The US military is considering fitting machine guns to its robot dogs and giving them some AI capabilities. The idea is to send these dogs into areas subject to heavy fire. An operator will remotely help the dog navigate and designate a group of targets, while the dog chooses when to run them.
In a development that could give some people nightmares, the US military plans to give some of its robot dogs AI capabilities, and also plans to add firearms.
If all goes according to plan, the US military will soon have robot dogs with AI and weapons such as AR-15s, SCARs or even a back-mounted LMG, which they can then shoot at will.
According to a report by Military.com, a US military spokesman said the military branch is working on the idea of equipping remote-controlled robot dogs with advanced rifles as part of its exploration of future combat possibilities. They will then give the dogs AI abilities that allow them to choose their targets and aim.
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The concept is relatively simple: attach a rifle to a robot dog for various military tasks and deploy it in unspecified battlefield scenarios.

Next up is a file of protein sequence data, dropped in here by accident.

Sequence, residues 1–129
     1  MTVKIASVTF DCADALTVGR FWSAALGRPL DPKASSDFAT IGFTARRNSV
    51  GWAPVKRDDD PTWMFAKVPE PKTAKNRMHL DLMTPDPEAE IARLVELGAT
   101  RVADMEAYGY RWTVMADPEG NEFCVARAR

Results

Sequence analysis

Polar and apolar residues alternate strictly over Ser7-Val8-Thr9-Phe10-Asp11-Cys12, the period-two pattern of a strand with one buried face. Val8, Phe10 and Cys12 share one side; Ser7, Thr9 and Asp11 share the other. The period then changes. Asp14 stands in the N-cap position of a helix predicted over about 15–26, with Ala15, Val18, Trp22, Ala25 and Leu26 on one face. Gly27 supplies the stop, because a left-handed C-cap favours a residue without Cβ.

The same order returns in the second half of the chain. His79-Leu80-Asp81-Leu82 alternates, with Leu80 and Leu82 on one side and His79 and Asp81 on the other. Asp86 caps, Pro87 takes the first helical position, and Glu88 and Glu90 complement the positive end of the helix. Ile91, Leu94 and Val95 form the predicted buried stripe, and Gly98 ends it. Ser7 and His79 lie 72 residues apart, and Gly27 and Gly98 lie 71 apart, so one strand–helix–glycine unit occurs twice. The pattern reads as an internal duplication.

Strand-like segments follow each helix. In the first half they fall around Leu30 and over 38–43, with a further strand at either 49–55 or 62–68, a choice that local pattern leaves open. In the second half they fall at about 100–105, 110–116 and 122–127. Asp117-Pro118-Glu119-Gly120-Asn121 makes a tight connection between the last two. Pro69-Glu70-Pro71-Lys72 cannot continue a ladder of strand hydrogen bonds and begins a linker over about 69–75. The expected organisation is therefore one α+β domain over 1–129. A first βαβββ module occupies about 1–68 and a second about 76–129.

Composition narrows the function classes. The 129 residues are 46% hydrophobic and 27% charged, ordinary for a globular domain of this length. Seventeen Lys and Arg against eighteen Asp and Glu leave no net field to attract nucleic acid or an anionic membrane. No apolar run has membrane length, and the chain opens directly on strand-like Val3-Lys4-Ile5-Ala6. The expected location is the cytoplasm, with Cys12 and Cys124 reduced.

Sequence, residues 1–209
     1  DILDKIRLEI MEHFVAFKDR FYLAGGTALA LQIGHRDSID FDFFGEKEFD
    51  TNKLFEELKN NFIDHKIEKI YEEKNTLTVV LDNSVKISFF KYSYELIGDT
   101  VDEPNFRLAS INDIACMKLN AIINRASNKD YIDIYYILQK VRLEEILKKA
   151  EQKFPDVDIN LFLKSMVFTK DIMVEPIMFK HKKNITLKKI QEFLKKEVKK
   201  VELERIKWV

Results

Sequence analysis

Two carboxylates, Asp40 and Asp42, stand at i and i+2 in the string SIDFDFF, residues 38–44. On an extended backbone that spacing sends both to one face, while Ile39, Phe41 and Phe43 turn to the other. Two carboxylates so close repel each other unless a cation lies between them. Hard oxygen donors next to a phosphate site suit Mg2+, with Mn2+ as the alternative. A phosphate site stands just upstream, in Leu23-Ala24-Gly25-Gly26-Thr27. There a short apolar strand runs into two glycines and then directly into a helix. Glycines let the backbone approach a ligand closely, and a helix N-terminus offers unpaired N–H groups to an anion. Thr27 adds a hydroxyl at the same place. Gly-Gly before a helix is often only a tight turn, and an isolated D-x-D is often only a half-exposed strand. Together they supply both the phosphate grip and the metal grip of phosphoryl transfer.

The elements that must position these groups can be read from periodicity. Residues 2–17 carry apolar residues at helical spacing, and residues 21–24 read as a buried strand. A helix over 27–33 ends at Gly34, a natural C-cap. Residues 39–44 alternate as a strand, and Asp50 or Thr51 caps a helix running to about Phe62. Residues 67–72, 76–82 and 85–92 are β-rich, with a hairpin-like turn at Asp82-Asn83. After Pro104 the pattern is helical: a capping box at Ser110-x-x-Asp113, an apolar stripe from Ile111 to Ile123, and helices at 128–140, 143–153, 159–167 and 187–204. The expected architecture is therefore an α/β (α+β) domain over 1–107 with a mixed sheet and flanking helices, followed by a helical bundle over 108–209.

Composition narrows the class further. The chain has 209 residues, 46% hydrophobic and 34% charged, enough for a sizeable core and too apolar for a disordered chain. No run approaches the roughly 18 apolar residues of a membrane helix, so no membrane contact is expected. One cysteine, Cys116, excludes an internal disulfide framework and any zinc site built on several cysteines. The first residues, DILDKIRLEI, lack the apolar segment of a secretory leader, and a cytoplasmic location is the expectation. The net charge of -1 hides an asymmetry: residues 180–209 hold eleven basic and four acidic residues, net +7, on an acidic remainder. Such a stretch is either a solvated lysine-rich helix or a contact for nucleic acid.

The move, initially reported earlier this month by the Janes intelligence service, appears to have received tentative confirmation from a spokesperson.
Army interest revolves around the idea of attaching a weapon to one of Ghost Robotics’ Vision 60 quadruped unmanned ground vehicles (Q-UGVs). This robotic platform is positioning itself as a competitor to the famous Boston Dynamics robot dog, which has been employed by entities like the New York police.
In previous reports, Research Scientist Bhavanjot Singh of the Army Combat Capability Development Command (DEVCOM) mentioned that the Army has already initiated experiments involving attaching various types of weapons to Q-UGVs. . However, he said that future experiments will focus on evaluating the specific abilities of robotic dogs, similar to those of real dogs.
Singh pointed out that one of the unique attributes of these robot dogs is their ability to navigate various terrains that may be inaccessible to wheeled vehicles. He made the statement at a gathering of lawmakers in late July, where one of the armed robot dog units was introduced.
Still, it’s important to note that interest and experimentation in this area doesn’t necessarily translate to immediate deployment of weaponized robotic dogs on the battlefield, according to DEVCOM spokesman Tim Ryder. .
Ryder clarified that while demonstrations of advanced technologies explore potential transformative capabilities for future combat formations, they do not automatically lead to formal service-wide research programs or investments.
The prospect of these experiments raises ethical questions and introduces a new dimension to military technology. It seems that the exploration of these robotic dogs by the military represents a unique and potentially controversial development path.